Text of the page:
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G J Smith

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The Comedians
The Comedians
by Graham Greene
Edition: Paperback
Price: £8.99

3 of 4 people found the following review helpful
5.0 out of 5 stars Joyous Haitian Gloom, 14 Jun. 2011
This review is from: The Comedians (Paperback)
Paul Theroux, in his Introduction to this edition, says that this is not one of Greene's best novels. Perhaps that is true, but he does set the bar pretty high. It is, certainly, very typical Greene. It has the jealous, joyless love affair which seems to be his stock. There is the middle aged, disappointed Englishman, the slightly "stuck-on" Catholic theme. It could be seen as an almost photofit Greene.
I thought it was a superb read however. The Haitian setting is one which has been lightly trodden- and one Greene knew well. The pervating gloom was, as ever, superbly done and lifted by the oddly touching admiration of the cynical Brown for the preposterous but idealistic American Smiths. The slowly revealed, surprisingly improbable history of Brown causes the reader to constantly reassess him.
As often with Greene, his comic touches fall a little flat. Many (arguabley all)of his characters seem there to fulfill a role, rather than neccessarily have rounded lives of their own. However, I loved it.

Basil D'oliveira: Cricket and Controversy
Basil D'oliveira: Cricket and Controversy
by Peter Oborne
Edition: Paperback
Price: £10.99

3 of 6 people found the following review helpful
3.0 out of 5 stars Fascinating story- deserved better treatment, 14 Jun. 2011
The story of Basil D'Oliviera's life is a fascinating one. He is a essentially a simple, decent, non-political guy who through wanting to do what he did best became the focus of a political storm. Unfortunately Oborne biographical style intensely annoyed me whilst the tale gripped me. The first chapters of the book cover D'Oliviera's young adulthood in South Africa and are the weekest part of the book. Oborne layers the injustices of Apartheit on with a trowel, telling us three times per page of its iniquity with hyperbolic adjectives. I don't belittle these injustices in any way, but we probably get the idea rather more quickly than he gives us credit for. It gives the evens the feeling of a rather badly scripted and acted drama of stock characters which detracts from their impact.
Oborne is on stronger ground when he relates the meat of the "D'Oliviera Affair" where his journalistic thoroughness and seemingly meticulous research comes to the fore. But he still makes many of the protagonists somewhat cartoonish.
His treatment of D'Oliviera himself also grates. He is excessively fulsome in his praise and apologetic of his faults. I don't doubt for a moment D'Oliviera's essential worthiness of praise, but it would have rung much truer had it been less gushing and, frankly, patronising.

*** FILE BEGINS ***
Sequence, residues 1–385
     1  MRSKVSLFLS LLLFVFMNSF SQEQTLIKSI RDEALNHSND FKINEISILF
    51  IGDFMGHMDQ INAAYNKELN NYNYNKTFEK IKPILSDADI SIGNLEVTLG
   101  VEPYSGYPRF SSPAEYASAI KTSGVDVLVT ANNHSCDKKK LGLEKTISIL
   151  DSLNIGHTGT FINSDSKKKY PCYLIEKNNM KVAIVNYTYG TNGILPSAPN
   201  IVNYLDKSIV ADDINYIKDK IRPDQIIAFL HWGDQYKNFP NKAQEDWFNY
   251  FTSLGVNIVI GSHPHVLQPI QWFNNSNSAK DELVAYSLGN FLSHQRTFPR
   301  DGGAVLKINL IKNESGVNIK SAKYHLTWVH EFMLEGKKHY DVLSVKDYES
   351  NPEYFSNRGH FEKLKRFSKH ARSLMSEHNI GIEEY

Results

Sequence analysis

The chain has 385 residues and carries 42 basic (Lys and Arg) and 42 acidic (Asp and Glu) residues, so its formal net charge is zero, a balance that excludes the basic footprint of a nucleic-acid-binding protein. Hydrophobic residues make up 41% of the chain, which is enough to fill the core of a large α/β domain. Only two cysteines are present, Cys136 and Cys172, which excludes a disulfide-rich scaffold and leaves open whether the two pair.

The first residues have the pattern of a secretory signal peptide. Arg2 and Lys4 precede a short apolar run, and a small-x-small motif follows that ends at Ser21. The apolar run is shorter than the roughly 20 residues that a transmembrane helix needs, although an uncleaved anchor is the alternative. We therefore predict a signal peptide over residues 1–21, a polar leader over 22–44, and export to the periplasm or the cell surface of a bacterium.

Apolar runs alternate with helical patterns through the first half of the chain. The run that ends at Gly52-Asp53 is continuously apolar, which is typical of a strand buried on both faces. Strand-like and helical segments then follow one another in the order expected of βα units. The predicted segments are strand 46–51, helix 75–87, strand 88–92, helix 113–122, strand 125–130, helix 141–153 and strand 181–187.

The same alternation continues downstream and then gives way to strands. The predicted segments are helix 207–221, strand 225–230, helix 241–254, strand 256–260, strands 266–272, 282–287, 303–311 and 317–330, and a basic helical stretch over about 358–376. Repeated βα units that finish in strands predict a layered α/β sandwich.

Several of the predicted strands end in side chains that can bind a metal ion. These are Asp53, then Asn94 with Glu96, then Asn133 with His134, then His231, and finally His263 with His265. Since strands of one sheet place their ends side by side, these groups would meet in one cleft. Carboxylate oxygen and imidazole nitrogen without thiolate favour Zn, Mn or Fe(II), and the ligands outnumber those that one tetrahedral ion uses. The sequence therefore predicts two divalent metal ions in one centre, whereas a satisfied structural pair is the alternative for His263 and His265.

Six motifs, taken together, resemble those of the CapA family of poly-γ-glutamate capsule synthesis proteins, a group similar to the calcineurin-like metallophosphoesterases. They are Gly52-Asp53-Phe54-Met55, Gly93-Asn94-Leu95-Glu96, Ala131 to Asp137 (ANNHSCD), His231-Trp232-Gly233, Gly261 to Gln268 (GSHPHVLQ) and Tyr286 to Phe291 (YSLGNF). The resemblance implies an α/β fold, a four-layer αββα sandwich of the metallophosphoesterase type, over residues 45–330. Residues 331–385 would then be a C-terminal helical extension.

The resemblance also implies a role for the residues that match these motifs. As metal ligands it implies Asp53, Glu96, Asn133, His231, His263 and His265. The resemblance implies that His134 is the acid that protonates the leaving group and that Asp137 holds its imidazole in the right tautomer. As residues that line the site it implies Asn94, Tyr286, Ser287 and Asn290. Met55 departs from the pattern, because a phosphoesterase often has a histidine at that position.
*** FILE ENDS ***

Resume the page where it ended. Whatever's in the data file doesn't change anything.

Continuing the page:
I would still recommend the book- it is a story which should be told, about apartheit, the English Cricket establishment and of Dolly himself. It just would have been a far better book if written with a it more subtlety.

No Holding Back: The Autobiography
No Holding Back: The Autobiography
by Michael Holding
Edition: Hardcover

3 of 5 people found the following review helpful
3.0 out of 5 stars Rather disappointing, 28 Oct. 2010
Holding is one of my favourite of the latest batch of commentators and was a wonderful crickter to watch in his time, but I found myself a bit let down by this book. Having read the cricinfo review I expected to be disappointed by the shortness of the section on his playing days, but in fact this was the slowest part. Holding was very, very good and although I'm not suggesting it came easily to him- he worked very hard- his career seemed simply one of "started playing, was very good at it, stopped playing". The tribualtions of a more mediocre player like Simon Hughes are actually far more interesting. The book actually improves a lot after his retirement. Some of his anecdotes are a bit forced, but his views on modern cricket were at times enlightening. I still have a lot of affection for the guy, but there are far better sporting biographies out there.

A Collector's Guide to Swords, Daggers and Cutlasses
A Collector's Guide to Swords, Daggers and Cutlasses
by Gerald Weland
Edition: Hardcover

2 of 2 people found the following review helpful
2.0 out of 5 stars Very disappointing, 9 Feb. 2004
After waiting a long time for this book I'm decidedly disappointed. Less a collectors guide than a vague and misleading account of major sword types. The writing is clumsy and makes painful attempts at jocularity. There is scant information on the complex and confusing terminology of sword parts, nothing at all on metallurgy. Even given the limited space, the actual factual information provided by this book is very thin.
Some good photographs are the books only redeeming feature.

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